The remit of a book entitled ‘space exploration: past, present and future’ is huge and one immediately wonders at the justification for the blurb’s characterisation of the volume as a “detailed examination”, given its less than 300 pages. That said, who really believes what publishers put on the back cover!
In reality, this is a well-written collection of essays on how ‘space exploration’ (including space science and space technology) has impacted the world and will continue to in the future. It is, however, a strange mix of style and content, beginning with a spaceflight primer and potted history of the Space Age and continuing with mini-encyclopaedic chapters on spacefarers, agencies and institutes. There is coverage of both private industry and planetary science and a look towards the future of scientific research and manned space exploration – so, something for everyone perhaps.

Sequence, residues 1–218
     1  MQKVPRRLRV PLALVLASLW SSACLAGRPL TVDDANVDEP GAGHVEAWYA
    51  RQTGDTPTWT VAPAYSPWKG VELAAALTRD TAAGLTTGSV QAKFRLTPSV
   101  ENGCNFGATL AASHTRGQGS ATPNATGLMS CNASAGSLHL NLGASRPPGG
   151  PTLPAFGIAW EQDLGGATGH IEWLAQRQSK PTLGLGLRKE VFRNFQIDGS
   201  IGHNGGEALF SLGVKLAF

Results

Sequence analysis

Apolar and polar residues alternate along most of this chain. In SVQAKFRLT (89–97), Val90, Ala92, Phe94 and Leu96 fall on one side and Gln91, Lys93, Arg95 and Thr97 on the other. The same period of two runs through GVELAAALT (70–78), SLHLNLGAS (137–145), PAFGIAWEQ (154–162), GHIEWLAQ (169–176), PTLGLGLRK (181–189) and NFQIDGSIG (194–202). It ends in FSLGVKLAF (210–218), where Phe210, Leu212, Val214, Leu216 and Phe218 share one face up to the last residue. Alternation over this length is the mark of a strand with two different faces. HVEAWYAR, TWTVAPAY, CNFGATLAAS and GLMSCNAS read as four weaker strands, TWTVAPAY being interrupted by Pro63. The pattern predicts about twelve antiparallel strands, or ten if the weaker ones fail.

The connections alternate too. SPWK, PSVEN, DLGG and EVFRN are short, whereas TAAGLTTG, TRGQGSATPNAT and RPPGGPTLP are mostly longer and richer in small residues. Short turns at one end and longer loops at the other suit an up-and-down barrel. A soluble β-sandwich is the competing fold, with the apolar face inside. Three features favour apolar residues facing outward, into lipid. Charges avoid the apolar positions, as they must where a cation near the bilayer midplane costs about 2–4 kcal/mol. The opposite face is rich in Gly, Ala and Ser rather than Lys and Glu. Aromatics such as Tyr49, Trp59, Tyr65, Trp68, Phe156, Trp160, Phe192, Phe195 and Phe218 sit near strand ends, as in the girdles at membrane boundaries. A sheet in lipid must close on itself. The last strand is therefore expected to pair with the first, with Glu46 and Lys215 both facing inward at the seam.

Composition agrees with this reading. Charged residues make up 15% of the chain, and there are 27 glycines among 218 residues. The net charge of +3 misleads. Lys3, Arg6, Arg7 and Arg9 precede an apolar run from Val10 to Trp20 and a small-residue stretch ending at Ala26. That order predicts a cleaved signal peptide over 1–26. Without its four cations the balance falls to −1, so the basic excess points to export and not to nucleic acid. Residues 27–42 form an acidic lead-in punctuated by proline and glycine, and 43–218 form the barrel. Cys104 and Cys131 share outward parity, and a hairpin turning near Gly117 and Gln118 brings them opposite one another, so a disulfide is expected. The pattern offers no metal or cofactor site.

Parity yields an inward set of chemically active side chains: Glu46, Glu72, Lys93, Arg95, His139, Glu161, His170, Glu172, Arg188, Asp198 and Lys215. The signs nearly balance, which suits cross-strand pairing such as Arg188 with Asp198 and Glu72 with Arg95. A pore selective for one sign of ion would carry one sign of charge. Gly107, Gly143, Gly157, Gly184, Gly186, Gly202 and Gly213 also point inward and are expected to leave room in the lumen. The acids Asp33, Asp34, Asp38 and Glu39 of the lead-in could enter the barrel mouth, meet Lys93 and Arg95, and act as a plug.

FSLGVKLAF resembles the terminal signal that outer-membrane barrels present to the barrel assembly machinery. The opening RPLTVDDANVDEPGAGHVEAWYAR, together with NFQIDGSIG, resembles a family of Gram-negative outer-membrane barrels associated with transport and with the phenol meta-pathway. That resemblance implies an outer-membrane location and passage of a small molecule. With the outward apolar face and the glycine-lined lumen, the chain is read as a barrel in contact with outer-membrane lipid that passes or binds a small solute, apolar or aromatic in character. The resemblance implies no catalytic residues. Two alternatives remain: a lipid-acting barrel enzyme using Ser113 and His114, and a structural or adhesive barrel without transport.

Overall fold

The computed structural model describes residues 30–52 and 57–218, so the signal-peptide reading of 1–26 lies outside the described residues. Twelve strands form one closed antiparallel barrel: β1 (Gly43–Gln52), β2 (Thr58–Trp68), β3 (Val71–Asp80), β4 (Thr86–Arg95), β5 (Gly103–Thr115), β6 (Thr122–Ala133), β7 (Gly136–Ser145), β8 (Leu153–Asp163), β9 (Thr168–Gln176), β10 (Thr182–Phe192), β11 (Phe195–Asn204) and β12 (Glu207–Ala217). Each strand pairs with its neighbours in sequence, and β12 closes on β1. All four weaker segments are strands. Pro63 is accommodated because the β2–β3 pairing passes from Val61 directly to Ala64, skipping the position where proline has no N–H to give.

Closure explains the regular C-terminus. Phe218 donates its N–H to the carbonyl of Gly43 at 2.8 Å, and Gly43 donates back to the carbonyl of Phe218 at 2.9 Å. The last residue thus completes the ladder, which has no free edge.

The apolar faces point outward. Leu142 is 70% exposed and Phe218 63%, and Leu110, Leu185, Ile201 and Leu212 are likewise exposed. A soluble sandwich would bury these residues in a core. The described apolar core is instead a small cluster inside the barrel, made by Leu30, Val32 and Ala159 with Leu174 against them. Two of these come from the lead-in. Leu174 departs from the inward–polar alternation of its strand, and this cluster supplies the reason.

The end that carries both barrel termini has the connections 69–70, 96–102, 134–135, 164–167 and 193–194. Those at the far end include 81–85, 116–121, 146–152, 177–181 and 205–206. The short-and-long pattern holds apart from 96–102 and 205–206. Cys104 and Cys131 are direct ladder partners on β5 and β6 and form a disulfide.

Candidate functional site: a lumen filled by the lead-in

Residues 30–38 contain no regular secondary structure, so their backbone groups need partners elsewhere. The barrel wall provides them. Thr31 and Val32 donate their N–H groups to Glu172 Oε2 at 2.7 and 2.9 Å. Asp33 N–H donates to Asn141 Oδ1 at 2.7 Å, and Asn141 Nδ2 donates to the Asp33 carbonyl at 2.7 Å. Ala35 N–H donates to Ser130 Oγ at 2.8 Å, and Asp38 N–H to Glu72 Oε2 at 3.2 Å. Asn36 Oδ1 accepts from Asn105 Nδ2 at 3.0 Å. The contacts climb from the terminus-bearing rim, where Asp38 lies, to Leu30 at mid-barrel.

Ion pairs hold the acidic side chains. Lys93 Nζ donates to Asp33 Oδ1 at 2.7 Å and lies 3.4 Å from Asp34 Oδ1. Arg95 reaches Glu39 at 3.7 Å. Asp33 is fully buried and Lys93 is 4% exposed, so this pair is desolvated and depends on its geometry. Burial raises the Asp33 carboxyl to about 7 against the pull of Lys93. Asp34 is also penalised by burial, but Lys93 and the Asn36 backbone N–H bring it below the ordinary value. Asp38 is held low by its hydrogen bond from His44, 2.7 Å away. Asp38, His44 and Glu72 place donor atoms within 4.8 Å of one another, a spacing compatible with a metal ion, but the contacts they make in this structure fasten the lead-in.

The book concludes with 30-odd pages of appendices, references and a glossary...but there is no index. This lack of an index devalues the text, because it makes it relatively inaccessible to researchers and other serious readers. That said, there is a lot of material in this handy paperback and its low price makes it an attractive gift for any budding space fan.